The drone fell out of the sky and caught on fire. Ryan Gury, the pilot, watched as several technicians ran out across the field to grab it. "Damn it," he said.
Thankfully, Gury, the director of product at the Drone Racing League (DRL), had seven other RacerX drones, a host of battery packs, and tons of spare parts to work with at Cunningham Park in Queens. And plenty of time: Another four hours or so would pass on Monday before the DRL broke the world record for the fastest ground speed of a battery-powered quadcopter.
By the afternoon, the DRL team had clocked a high speed of 163.5 mph, establishing a ceiling for drone enthusiasts around the world.
The record is new—the Drone Racing League was the first to attempt it with Guinness World Records. In order to get in the book, they had to fly faster than 125 mph two times over a straight 100 meter course. They were required to fly the course in both directions, to account for varied wind conditions or any kind of fluke.
An average speed of the two runs was then calculated for the official record. Since the record time represents an average, it obscures the fact that I watched Gury and his team get their drone to a seriously impressive top speed of 179 mph.
That's pretty damn fast when you consider that commercially available drones, like the DJI Phantom 4, can only go up to 44.7 mph (one company claims theirs can go up to 85 mph, but it isn't on the market yet). DIY racing drones can be much faster, but most top out at around 100 mph. Some claim to have made drones that can fly almost as fast as DRL's, however. YouTuber Ryan L, for example, says he's flown a drone 154.5 mph.
Gury, and drone racing, have come a long way since Motherboard met him at a hastily organized DIY drone race on a snowy day in 2015. But Gury still flies FPV (first-person view) drones, which let the pilot see what the drone sees. When you fly, you wear a pair of goggles through which you view the drone's camera footage in real time.
Throughout the day, the DRL team attempted to break the record three separate times and conducted a number of test flights.They flew more than a dozen times because it's incredibly hard to get a drone to go really fast, especially because it can be difficult to establish what went wrong when it flies slower than expected.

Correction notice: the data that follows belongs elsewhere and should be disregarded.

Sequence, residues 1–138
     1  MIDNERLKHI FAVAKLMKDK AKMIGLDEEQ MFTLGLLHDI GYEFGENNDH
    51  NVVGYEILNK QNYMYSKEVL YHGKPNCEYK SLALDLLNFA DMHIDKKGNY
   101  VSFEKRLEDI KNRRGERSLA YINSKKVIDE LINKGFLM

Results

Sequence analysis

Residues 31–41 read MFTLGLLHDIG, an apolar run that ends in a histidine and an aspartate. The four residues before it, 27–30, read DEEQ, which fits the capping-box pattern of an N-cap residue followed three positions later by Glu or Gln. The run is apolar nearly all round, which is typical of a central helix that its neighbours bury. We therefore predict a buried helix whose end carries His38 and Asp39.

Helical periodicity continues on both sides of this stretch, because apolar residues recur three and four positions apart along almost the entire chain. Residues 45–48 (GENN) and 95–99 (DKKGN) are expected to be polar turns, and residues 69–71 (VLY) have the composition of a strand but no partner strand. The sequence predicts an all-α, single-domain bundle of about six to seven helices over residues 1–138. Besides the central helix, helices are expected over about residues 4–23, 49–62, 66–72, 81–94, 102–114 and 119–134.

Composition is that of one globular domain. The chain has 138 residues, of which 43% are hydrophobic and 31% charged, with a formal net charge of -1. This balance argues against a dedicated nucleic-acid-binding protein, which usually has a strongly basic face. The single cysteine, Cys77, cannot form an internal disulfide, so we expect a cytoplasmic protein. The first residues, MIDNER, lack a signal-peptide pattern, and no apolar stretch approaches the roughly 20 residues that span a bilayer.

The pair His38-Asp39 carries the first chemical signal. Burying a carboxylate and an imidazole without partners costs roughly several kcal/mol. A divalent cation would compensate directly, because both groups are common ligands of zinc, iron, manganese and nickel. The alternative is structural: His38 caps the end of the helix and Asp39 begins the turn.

One thing drone pilots can do is change the "tune" of their device, or the way the software programs interact with each other. Adjusting the tune "changes how the flight controller interacts with the motor and the whole system," explained Brandon Alvarez, a technician at the DRL. Over the course of the day, the team switched between two different tunes.
A drone's tune can be tough to get right. It's hard to predict exactly how all of the components will work together. "To be honest, I'm always surprised with what we get," Gury said. "The mystery is the relationship between the parts."
By establishing the world record, the Drone Racing League has likely tempted a whole host of racers to go out and build a drone that can beat them. "There are a number of applications already submitted," said Philip Robertson, the adjudicator from Guinness World Records who witnessed the attempt.
When the DRL's drone flew across the field at almost 179 mph at the end of the day, I could barely see it. When an aircraft so small is moving at such a high speed, it can be impossible to pinpoint. Suddenly, Gury was gently landing it in the grass not far from the team.
Gury quickly removed the drone's GPS reader and handed it to Trevor Smith, the DRL's head of technical operations. He went to his car to upload the data to a laptop, before coming back with the news. The team was shocked at how fast the drone flew. In tests, it had gone only around 158 mph.
"It's amazing Ryan," Nick Horbaczewski, the chief executive and founder of the Drone Racing League said. "Yeah, it's pretty cool," Gury sheepishly replied.